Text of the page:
By: José Niño

Although Vermont is in the news thanks to Socialist Bernie Sanders’ presidential run, the state has one of the most well-established pro-gun cultures in the nation.

Many of us forget that Vermont was an independent republic before the Constitution was ratified. The Vermont Constitution of 1777 enshrined the right to bear arms well before the Bill of Rights became codified. In it, it states the following: "That the people have a right to bear arms for the defense of themselves and the State – and as standing armies in time of peace are dangerous to liberty, they ought not to be kept up; and that the military should be kept under strict subordination to and governed by the civil power." Fast forward to 1903, when the Vermont Supreme Court upheld the right to carry firearms without a permit in the State v. Rosenthal decision, which has remained in effect for more than a century.

Now, all of that could come crashing to a halt thanks to the state’s changing gun politics. Vermont was not able to escape the gun control tidal wave that followed the Parkland, Florida massacre of 2018. The Vermont General Assembly quickly passed red flag gun confiscation orders, a bump stock ban, expanded background checks, magazine capacity restrictions, and raised the age to buy firearms to 21. This legislative package came to Gov. Phil Scott’s desk and became the law of the land in the Green Mountain State on April 11, 2018.

All of this took place under the watch of a Republican governor of all elected officials, thus showing that the letter beside a politician’s name is no reliable indicator of their fealty to the Second Amendment. For Vermont’s anti-gun deviancy, Guns & Ammo magazine knocked the state down a few spots in its 2019 Best States for Gun Owners rankings. In the 2019 rankings, Vermont stood at 37th place. Back in 2017, Vermont occupied 20th place according to these rankings.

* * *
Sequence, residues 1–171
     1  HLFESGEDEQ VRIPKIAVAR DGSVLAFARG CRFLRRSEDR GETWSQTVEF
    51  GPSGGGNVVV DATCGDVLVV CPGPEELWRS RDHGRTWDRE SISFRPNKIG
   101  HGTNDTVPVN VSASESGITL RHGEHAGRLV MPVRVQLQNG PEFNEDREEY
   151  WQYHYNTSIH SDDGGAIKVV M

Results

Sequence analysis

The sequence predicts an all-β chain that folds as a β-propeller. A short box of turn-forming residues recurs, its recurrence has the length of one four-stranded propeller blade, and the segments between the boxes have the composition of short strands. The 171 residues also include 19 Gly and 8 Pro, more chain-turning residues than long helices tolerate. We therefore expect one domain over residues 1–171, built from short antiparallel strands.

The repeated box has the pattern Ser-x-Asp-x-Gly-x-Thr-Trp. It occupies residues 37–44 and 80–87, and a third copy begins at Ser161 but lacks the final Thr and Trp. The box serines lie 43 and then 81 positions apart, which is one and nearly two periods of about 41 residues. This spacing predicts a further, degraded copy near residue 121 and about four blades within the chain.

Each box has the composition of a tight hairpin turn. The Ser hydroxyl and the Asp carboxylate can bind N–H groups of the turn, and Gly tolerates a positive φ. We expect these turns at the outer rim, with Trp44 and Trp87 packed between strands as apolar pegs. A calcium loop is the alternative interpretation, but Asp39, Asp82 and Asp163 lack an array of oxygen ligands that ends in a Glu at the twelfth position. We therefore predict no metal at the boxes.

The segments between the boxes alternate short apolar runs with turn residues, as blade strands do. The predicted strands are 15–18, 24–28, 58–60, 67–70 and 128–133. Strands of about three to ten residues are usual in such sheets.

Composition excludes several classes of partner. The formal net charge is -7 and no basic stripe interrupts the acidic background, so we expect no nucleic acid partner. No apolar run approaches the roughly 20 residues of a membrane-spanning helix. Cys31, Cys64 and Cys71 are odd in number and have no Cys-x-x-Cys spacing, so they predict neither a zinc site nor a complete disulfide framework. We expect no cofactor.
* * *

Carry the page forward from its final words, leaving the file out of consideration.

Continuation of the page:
But if you think the gun control crowd is just stopping there, you would be sorely mistaken. Rabid as usual and looking to enact as much gun control as possible, Vermont gun controllers are now pushing for a new slew of gun control.

Vermont Representative Linda Sullivan introduced H. 600 to require dealers to file “suspicious activity reports.” The NRA-ILA described this bill as “bizarre” because of how it assumes someone is suspicious simply for inquiring about the price of a firearm or the purchase of multiple firearms.

In addition, House Judiciary Committee Chairwoman Maxine Grad introduced H.610, which would make it easier for family members to petition for “red flag” gun confiscation orders. Current law stipulates that all petitioning of the courts has to be conducted by prosecutors.

Sen. Phil Baruth has been busy introducing gun control as well. One of his bills, S.258, would create a mandatory 48-hour waiting period for firearms purchases. As they say, a right delayed, is a right denied. This bill would deprive people the ability to purchase a firearm if they know they face an urgent threat. Countless studies have been conducted that have determined that these waiting period laws have little to no impact on gun crime.
Baruth’s other bill, S.259, would ban the carry of so-called semiautomatic “assault weapons” in certain venues such as churches, hospitals, and public gatherings.

Back to Bernie Sanders. Although Sanders is an outspoken “democratic socialist”, he has an intriguing legislative record on gun policy. In fact, he ran to the right of his Republican opponent Peter Smith on the gun issue in the 1990 election for Vermont’s at-large congressional district. He voted against the Brady Act in 1993, which established the National Instant Criminal Background Check System (NICS). He also voted for legislation in 2003 and 2005 that granted partial immunity to gunmakers in certain civil lawsuits.

Sanders has, however, changed his tune in the last decade. After the Sandy Hook massacre in 2012, Sanders voted for bans on so-called high capacity magazines and universal background checks. To this day, Bernie’s anti-gun shift continues. Following the Christchurch, New Zealand massacre, Sanders demanded that the U.S. pass a ban on so-called “assault” weapons. In a tweet, he stated that, “We must follow New Zealand’s lead, take on the NRA and ban the sale and distribution of assault weapons in the United States.”

With all of these facts in mind, it’s become abundantly clear that Vermont is experiencing a political shift that does not bode well for Second Amendment lovers in the Green Mountain State. It would be an immense tragedy to witness one of America’s most pro-gun states (historically speaking) fall firmly into anti-gun hands.

José Niño is a Venezuelan-American political activist writing from Fort Collins, Colorado. Contact him at